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Cerabino: SoulCycle spins into Palm Beach — but not for long


What’s worse than pedaling a stationary bicycle for 45 minutes?

Answer: Paying $40 to do it.

Don’t get me wrong. I’m not averse to spinning, that gym exercise of riding a stationary bike in a group-class setting, led by a motivating leader and loud, pulsing music.

I’ve even got my own spinning shoes, the ones that clip into the pedals.

It’s a great way to burn calories. And it beats getting run over on A1A by a Silver Alert escapee.

But I’m not sure I’m ready to make a religion out of it.

Which is basically something called SoulCycle, a New York-based fitness company that started 11 years ago and has spread into the tonier reaches of nine states, where it has taken a mundane form of exercise and turned it into a sweaty cult phenomenon.

This popular cycling studio plans a pop-up studio in Palm Beach

In December, Palm Beach will get a pop-up SoulCycle in Royal Poinciana Plaza for just 18 days, The Palm Beach Daily News reported. It’s part of the company’s “Destination Soul” marketing campaign, designed to give a taste of its product to areas where it isn’t available.

It’s probably a good move for SoulCycle to move gingerly into Palm Beach, which may react to the move by drafting an anti-grunting noise ordinance, or demand that among the 54 bikes in the class, a number of them have to be reserved for little dogs.

Right now, the only permanent SoulCycle studios in Florida are in Miami-Dade County, in Miami Beach and Coral Gables.

Natalie, my 27-year-old daughter who lives in New York City, likes SoulCycle classes, which use a pay-by-the-class business model rather than a membership structure.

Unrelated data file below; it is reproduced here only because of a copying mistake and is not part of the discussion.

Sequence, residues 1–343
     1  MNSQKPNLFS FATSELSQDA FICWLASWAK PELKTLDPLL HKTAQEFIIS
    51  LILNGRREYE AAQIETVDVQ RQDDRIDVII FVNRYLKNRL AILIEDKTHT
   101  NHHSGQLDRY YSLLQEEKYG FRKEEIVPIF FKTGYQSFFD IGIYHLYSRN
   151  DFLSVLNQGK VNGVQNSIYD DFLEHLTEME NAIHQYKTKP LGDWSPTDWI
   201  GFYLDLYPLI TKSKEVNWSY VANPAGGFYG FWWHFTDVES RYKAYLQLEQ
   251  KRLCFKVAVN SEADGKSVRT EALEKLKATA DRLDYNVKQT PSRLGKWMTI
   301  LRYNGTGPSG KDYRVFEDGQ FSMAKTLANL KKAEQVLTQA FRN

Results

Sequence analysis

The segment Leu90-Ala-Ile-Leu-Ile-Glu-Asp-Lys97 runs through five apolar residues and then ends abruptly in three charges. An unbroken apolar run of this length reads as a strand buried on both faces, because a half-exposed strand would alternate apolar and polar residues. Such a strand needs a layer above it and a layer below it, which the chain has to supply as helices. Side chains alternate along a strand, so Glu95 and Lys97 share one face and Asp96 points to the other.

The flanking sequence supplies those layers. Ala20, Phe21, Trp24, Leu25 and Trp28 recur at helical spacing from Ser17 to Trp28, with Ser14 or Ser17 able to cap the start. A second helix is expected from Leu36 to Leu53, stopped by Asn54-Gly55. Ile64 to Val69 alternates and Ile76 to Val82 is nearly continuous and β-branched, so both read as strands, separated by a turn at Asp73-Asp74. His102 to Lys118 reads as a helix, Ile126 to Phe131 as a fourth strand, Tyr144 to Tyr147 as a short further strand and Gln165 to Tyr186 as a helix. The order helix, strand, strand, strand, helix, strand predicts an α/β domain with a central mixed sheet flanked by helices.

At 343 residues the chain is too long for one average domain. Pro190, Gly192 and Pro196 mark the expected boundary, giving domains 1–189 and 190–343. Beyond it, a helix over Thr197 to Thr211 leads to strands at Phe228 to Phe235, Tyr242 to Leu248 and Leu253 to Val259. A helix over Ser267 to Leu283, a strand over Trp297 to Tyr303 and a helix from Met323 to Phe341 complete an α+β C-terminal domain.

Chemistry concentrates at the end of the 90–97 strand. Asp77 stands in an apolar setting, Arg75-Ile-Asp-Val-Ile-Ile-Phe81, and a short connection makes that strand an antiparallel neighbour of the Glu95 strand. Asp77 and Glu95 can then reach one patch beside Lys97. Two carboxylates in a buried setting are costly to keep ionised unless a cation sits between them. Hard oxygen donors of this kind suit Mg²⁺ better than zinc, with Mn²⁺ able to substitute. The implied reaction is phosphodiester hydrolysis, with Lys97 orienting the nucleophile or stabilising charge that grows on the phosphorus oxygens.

“It’s a vibe,” she said. “Everything’s branded. It’s a boutique kind of thing and a status thing,” she said.

Status thing? OK, it might work in Palm Beach. Can people from West Palm Beach and Lake Worth be denied bikes?

“When you’re in it, the lights are dark, the music’s good and everybody wears shirts that say ‘Warrior’ or ‘SoulCycle,’” she said.

“So if I show up with my ratty sweatband and my baggy basketball shorts …” I started to say.

“No,” she said. “That’s not going to work.”

There’s clothing for sale in the studio, she said. You’ve got to look good while riding one of the yellow bikes. And there’s $42 Jonathan Adler grapefruit-scented candles burning and designer water. And your class isn’t called a “class.” It’s referred to as a “journey.”

A journey? I’m just looking to bang out some arterial plaque to Billy Joel songs. If I want a journey, I’ll try braving Costco on a Saturday afternoon.

When I work out, it’s mostly done to justify my next Reuben sandwich. I’m not looking for a spiritual breakthrough.

“It’s just a spinning class,” my daughter said, “but when you’re in it, you feel different.”

The walls have inspiring words on them. And devotees sometimes refer to the exercise as “interpretative bike dancing” that includes upper-body exercise, too. There’s choreography. Weights, too.

And you can browse the offered classes by picking your instructors, who look like underwear models, and each has his or her own inspiring motto and bio on the company website. In Miami, for example, you can pick Johanna, a former Miami Dolphins cheerleader whose motto is “Exchange fear for faith” and promises to deliver a “sweaty soulful session” and to be “your own personal cheerleader.”

Pedaling a bike that goes nowhere has never been so complicated. I can envision a future business model centered on the marketing possibilities of jumping rope.

The Palm Beach SoulCycle classes start Dec. 15 and they wrap up New Year’s Day.

I might give it a try, depending on how I look in the $68 SoulCycle muscle tank top.

“SoulCycle doesn’t just change bodies, it changes lives,” the company advertises.

I don’t doubt it. At $40 a session, it probably inspires endorphin-addicted cyclists to get higher-paying jobs.



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